Western Digital and LSI Logic explain and promote SATA II harddrives

Newport Beach (CA) - Disk drive maker Western Digital Corp (Lake Forest, California) and disk controller chip and adapter manufacturer LSI Logic Corp (Norcross, Georgia) have taken to the road to help system builders and resellers transition to the latest hard disk standard, Serial Advanced Technology Attachment II or SATA II. While marketing is always a goal of such efforts, the two companies are placing a heavy emphasis on technical information in their presentations.

At one recent event in Newport Beach, California, Western Digital's Mladen Luksic noted that an industry organization, the "SATA-International Organization" or "SATA-IO" (www.sata-io.org), is developing a set of SATA II specifications. These will include a minimum feature set and testing procedures a SATA II drive must meet to comply with the organization's requirements. SATA-IO has not yet released its SATA II specifications, but disk controller and drive manufacturers are already incorporating some of them in shipping products.

At the event, John Masiewicz, Director of Host Interface Technology at Western Digital, discussed SATA II technology and presented a list of key SATA-IO driven optional new features that drive manufacturers can include in their SATA II product offerings. These include double the data transfer rate of SATA I (3Gb/second vs. 1.5Gb/second), intelligent data access queuing to minimize the time required to find data on a disk platter, hot plug capability, advanced power management and on-board disk state logging.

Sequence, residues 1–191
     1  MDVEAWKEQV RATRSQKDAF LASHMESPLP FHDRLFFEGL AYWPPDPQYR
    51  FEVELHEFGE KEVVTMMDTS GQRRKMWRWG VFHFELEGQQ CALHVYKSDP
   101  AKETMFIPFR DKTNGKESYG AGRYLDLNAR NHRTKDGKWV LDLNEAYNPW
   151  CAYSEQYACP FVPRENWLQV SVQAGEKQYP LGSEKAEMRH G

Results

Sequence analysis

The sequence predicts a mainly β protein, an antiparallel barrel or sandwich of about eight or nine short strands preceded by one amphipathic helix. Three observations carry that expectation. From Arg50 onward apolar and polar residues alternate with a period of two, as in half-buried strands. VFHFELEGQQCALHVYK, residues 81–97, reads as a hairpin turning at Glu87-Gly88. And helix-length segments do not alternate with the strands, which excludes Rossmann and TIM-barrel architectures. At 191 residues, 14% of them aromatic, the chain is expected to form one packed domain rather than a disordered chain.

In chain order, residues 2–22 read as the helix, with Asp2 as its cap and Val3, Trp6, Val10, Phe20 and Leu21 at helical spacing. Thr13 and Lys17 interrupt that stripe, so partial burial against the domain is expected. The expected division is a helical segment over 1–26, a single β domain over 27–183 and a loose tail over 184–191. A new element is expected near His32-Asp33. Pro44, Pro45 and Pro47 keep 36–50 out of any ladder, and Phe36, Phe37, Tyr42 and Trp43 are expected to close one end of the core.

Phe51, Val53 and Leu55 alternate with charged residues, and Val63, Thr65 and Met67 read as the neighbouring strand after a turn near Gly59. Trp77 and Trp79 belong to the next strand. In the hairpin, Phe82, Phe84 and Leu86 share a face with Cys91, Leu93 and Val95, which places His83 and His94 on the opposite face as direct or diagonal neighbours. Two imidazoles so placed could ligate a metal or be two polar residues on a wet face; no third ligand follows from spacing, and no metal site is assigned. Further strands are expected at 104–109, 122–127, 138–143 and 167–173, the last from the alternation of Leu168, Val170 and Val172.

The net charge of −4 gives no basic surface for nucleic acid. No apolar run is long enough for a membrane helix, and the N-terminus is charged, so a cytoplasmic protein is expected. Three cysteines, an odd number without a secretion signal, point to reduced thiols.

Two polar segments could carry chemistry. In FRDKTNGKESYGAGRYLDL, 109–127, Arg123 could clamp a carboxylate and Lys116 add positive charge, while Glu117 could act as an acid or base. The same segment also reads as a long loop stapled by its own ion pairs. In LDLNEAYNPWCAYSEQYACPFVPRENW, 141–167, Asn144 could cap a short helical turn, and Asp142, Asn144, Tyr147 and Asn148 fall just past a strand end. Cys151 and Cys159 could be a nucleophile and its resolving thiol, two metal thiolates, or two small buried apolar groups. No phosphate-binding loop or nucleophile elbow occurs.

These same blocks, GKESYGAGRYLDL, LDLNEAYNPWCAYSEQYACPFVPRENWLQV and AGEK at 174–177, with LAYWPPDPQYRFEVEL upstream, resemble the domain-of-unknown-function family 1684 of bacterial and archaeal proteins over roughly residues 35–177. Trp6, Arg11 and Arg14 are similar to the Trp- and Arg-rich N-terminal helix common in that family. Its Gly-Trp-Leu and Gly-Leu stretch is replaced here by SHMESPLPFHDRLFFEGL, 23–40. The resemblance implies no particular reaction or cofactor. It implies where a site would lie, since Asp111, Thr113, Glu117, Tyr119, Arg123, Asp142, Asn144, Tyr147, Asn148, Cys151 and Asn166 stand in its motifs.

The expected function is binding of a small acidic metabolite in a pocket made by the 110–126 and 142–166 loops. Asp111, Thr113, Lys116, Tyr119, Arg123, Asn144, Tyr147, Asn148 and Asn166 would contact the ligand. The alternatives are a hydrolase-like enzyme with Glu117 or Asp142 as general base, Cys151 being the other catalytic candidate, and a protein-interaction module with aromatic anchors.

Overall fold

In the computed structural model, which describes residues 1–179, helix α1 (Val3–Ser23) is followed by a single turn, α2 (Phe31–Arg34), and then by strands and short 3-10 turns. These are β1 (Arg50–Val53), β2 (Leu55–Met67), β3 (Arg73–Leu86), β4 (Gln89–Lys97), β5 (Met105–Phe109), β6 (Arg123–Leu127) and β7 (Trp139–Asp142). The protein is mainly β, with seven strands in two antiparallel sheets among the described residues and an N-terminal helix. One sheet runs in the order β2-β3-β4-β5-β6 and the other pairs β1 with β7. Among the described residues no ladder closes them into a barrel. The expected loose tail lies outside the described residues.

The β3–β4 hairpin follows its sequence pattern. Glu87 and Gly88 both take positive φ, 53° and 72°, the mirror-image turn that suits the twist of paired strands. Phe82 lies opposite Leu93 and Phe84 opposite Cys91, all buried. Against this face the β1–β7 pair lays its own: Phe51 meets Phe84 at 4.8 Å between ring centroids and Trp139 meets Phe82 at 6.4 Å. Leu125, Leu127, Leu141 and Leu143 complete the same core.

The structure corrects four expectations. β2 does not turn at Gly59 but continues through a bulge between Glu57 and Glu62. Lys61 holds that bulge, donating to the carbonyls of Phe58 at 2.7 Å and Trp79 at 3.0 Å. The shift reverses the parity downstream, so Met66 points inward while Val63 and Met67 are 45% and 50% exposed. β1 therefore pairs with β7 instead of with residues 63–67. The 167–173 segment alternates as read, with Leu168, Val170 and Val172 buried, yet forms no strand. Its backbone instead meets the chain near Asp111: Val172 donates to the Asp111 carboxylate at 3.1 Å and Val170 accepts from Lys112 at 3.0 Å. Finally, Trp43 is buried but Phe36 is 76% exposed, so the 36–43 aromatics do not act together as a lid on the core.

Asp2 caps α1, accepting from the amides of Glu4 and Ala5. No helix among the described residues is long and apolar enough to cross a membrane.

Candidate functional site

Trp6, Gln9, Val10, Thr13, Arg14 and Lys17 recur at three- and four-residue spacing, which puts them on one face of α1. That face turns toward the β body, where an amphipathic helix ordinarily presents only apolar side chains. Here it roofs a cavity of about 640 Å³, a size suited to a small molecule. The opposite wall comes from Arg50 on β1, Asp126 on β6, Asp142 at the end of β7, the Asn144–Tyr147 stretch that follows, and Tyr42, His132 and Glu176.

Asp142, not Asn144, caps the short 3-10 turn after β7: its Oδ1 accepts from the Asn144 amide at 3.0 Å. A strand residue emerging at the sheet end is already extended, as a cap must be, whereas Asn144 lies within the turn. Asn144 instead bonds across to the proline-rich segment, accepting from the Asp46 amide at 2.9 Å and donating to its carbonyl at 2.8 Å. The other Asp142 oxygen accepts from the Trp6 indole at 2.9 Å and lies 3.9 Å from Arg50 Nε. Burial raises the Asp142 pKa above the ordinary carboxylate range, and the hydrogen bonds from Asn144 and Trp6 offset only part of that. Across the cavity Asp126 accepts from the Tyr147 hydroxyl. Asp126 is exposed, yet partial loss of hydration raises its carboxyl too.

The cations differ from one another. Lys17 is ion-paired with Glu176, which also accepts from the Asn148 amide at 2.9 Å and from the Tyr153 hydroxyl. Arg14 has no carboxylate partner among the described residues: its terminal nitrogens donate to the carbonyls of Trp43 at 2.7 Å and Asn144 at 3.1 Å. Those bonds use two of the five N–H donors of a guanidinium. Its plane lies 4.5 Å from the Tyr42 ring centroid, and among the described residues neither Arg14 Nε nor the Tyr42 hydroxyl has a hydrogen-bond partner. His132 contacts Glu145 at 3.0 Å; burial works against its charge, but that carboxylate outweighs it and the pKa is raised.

Masiewicz pointed out that disk manufacturers are likely to offer products that do not include all of these features. However, they will build drives with specific combinations of features, customizing them for different applications from high reliability enterprise RAID systems to low power laptop drives.

The SATA I standard has already been approved by the American National Standards Institute and is now before the International Standards Organization. The ISO is expected to approve the standard without change. SATA-IO has not yet decided whether to bring its finalized SATA II specifications to the two standards organizations. But, as Masiewicz noted, ANSI and ISO standards do not and cannot compel compliance. Even adherence to the SATA-IO specifications is voluntary. To carry the SATA II label under the SATA-IO specification, a drive will only have to have been tested using specific testing methodologies. Also, because SATA I drives can be used with SATA II controllers, a SATA I drive can be labeled "SATA II Compatible" without even meeting the testing methodology specification.

Western Digital and LSI Logic are delivering SATA II products that implement the SATA II standard including support for such features as 3Gbps transfer rates and intelligent data access queuing.